14
November
2009
|
03:06 PM
America/Los_Angeles

WeekendWatcher: The Sheer Number Of Things Will Devalue Them

I've occasionally been writing about an effect that the Internet causes, an effect of devaluation. The Internet devalues everything it touches, if it can be made digital.

Happy Birthday Dear Internet . . . The Internet Devalues Everything It Touches

A Saturday Post: The Internet Devalues Everything It Touches, Anything That Can Be Digitized

In those articles I use the word "devalue" in its monetary sense but it can also be used in its broader definition, in reference to the cultural and societal sense of "values."

It's a controversial position because it seems as if I am critiquing the Internet and ignoring the tremendous amount of value that the Internet has enabled. But that's not the case, I'm merely pointing out a few things about the nature of the Internet and what it enables.

It's good to see others noticing this effect too. Especially when it is one of my favorite authors, the extraordinary writer Cormac McCarthy.

Mr McCarthy is not very interested in self-publicity and rarely gives interviews. But John Jurgensen at the Wall Street Journal managed to get some time with Mr McCarthy using the occasion of the upcoming release of "The Road," a movie based on his book of the same name.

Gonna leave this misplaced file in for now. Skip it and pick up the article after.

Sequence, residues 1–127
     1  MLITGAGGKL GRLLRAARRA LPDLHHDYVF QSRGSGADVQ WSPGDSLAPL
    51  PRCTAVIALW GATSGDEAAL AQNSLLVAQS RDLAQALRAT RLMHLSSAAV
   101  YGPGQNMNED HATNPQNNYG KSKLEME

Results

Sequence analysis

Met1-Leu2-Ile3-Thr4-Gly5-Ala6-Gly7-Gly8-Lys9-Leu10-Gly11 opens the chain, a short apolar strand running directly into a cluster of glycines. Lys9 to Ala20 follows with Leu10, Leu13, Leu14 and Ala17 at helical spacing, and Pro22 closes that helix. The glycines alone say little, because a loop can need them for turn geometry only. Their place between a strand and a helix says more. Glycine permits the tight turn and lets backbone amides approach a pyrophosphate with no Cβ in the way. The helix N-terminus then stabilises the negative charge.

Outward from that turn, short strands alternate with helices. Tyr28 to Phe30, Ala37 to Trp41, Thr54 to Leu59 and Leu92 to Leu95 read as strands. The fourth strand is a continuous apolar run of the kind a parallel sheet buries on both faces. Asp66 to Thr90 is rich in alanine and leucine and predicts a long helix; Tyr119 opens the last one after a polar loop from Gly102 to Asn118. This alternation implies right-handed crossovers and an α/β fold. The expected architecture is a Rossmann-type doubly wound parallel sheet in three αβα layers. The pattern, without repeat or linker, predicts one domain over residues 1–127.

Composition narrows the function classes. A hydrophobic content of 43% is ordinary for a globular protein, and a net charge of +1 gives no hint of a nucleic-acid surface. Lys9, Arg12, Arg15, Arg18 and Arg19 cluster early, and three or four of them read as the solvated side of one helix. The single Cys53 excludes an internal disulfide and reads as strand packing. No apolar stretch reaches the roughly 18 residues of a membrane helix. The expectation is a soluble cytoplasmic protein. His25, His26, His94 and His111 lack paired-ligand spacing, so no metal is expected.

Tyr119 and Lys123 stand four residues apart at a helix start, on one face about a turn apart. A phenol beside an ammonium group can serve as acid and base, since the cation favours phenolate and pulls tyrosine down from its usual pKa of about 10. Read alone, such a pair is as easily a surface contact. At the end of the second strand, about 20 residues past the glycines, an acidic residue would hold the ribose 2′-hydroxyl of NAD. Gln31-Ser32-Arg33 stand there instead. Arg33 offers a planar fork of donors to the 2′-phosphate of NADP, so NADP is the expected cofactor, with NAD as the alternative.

Cormac McCarthy on The Road - WSJ.com

In the interview Mr McCarthy talks about technology and the future. He says:

Well, I don't know what of our culture is going to survive, or if we survive. If you look at the Greek plays, they're really good. And there's just a handful of them. Well, how good would they be if there were 2,500 of them? But that's the future looking back at us. Anything you can think of, there's going to be millions of them. Just the sheer number of things will devalue them. I don't care whether it's art, literature, poetry or drama, whatever. The sheer volume of it will wash it out. I mean, if you had thousands of Greek plays to read, would they be that good? I don't think so.

. . . This is just entry level to what's coming. Just the appalling volume of artifacts will erase all meaning that they could ever possibly have.

"The appalling volume of artifacts..."

What a brilliant way to describe the horror of the bounty that the Internet enables.

The rest of the interview is excellent too.

Cormac McCarthy on The Road - WSJ.com